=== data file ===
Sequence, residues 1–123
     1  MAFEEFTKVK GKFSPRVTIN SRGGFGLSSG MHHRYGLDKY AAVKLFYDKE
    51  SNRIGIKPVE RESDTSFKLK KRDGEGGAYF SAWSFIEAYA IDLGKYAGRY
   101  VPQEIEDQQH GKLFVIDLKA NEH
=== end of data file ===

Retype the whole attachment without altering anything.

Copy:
Sequence, residues 1–123
     1  MAFEEFTKVK GKFSPRVTIN SRGGFGLSSG MHHRYGLDKY AAVKLFYDKE
    51  SNRIGIKPVE RESDTSFKLK KRDGEGGAYF SAWSFIEAYA IDLGKYAGRY
   101  VPQEIEDQQH GKLFVIDLKA NEH